Felix Cheong is a local award-winning writer with 10 books under his name, including Vanishing Point, and Singapore Siu Dai. He has also written for various publications as a freelance writer and spoken at writer’s festivals around the world, from Edinburgh to Hong Kong. Content.co was lucky enough to host the master himself for a workshop, where Cheong shared his techniques and philosophies to a group of eager participants. If you missed it, here’s what you need to know:
What is great content, and how can you tell how relevant it is for your audience? These were the questions addressed during the first part of the workshop. While these tips were given in the context of creating news pieces, they can also be used to create great marketing content!
Taking into account how much impact a story has on the reader is one of the most obvious ways to create relevant content. Keep in mind that content that may be of no consequence to the general public may be of great importance to a niche group of people. Eg: the release of a new Lord of The Rings video game trailer.
Events that hit close to home are more relevant. An earthquake in Indonesia and one in Scandinavia will carry a different impact for a typical reader in Southeast Asia.
News affecting celebrities, other well-know individuals and places can offer some great content that will be appealing for readers as well. Sources can range from local to international. Events like the Paris attacks and the bird flu in Hong Kong are examples of this type of content.
The media coverage of the bombings in Paris compared to the ones in Beirut the day after also provide an interesting case study. Media outlets placed more emphasis on Paris because it was one of the most visited cities in the world, and had a higher chance of affecting more people.
A piece that offers a different look at everyday people can be a great piece too. Underdog stories, a biography piece on a prominent CEO or an insider’s look into an unusual job can add value and interest to readers.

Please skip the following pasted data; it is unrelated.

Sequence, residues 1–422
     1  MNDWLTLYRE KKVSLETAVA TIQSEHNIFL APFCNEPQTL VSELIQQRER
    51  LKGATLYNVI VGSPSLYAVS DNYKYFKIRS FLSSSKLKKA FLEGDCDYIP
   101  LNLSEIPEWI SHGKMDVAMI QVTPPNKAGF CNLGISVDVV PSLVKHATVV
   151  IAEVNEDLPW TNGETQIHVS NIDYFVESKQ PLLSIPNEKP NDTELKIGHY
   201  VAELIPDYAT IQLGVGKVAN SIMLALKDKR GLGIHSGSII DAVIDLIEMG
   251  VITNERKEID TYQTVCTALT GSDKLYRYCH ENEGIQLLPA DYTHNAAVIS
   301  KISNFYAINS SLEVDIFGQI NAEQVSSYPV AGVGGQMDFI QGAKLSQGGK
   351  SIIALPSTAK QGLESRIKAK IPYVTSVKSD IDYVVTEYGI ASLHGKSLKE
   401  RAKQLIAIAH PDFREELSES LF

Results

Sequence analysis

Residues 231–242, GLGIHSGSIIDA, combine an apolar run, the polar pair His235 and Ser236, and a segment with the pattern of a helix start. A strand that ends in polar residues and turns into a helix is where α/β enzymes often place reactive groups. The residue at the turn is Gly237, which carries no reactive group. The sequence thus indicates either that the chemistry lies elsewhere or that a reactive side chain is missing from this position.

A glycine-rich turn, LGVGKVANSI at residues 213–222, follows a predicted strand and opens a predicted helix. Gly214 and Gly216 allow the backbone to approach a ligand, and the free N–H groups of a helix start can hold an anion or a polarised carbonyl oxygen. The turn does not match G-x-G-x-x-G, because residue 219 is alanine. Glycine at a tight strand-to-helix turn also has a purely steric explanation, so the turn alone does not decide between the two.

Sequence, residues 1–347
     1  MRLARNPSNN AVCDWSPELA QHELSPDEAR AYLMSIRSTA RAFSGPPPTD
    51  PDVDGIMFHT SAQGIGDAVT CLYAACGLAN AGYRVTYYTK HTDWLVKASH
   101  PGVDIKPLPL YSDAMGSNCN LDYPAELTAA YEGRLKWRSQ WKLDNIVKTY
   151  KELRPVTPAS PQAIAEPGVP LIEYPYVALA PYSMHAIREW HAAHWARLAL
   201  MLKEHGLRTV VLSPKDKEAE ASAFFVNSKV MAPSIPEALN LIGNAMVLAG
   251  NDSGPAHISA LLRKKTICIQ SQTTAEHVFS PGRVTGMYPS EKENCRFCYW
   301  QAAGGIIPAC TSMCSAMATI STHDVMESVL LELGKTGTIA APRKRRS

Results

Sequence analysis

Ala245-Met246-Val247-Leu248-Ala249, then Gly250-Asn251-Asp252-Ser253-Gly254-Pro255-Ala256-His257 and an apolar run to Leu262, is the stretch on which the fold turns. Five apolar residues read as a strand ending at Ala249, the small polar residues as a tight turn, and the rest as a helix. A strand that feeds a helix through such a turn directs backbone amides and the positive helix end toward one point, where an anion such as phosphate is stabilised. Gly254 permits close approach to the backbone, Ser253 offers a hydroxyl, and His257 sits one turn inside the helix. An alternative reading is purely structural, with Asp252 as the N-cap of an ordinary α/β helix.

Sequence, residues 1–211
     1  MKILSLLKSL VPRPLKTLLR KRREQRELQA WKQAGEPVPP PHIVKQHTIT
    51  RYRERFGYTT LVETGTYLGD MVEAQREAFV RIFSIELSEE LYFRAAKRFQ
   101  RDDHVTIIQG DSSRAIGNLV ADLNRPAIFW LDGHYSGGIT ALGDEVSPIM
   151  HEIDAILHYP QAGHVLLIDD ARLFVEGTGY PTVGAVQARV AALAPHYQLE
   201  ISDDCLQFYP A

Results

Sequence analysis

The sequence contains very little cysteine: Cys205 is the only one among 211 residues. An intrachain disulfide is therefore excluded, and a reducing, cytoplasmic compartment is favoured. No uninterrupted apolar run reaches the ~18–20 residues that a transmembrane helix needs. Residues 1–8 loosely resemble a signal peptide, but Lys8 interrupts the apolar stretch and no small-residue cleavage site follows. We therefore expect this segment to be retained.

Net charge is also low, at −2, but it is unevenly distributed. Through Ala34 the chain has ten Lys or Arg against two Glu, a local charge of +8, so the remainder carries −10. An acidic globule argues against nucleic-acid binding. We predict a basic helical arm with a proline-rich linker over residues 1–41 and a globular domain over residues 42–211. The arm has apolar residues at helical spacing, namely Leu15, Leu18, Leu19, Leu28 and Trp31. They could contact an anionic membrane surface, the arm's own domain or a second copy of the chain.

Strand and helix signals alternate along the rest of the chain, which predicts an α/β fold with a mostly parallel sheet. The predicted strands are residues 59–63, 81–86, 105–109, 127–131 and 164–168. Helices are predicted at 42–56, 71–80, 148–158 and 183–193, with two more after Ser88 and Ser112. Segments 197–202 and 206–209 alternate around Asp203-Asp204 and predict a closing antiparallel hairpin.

A rare, unusual event that catches the eye of the public like snakes fighting outside a university or fish raining down in Sri Lanka are some pieces that are bound to intrigue. Remember, dog bites man is not news. Man bites dog is news.
The epitome of human drama – conflict – strikes a chord with many readers and makes them feel empathetic or even offer readers a channel to indulge in schadenfreude. These pieces don’t only involve conflicts between countries, but events like riots or spiteful partners antagonising each other during a divorce can also fall into this category.
In this sense, currency is referred to what is currently being discussed by the general public. A great source for this is social media. Buzzsumo is a great place for you to check out which articles or topics are currently trending as well.
In 2013, Oreo leveraged on the Super Bowl blackout with this tweet: ‘You Can Still Dunk In The Dark’. A 30-second ad during the Super Bowl that year costed an average of S$4 million. But with one timely tweet, Oreo managed to garner over thousands of likes and retweets. Adweek also ranked the tweet as one of the top 5 ads of the night.
Press conferences and product launches fall into this category. Steve Jobs unveiling the first generation iPad in 2010, or celebrities being interviewed for a new movie are some examples of this.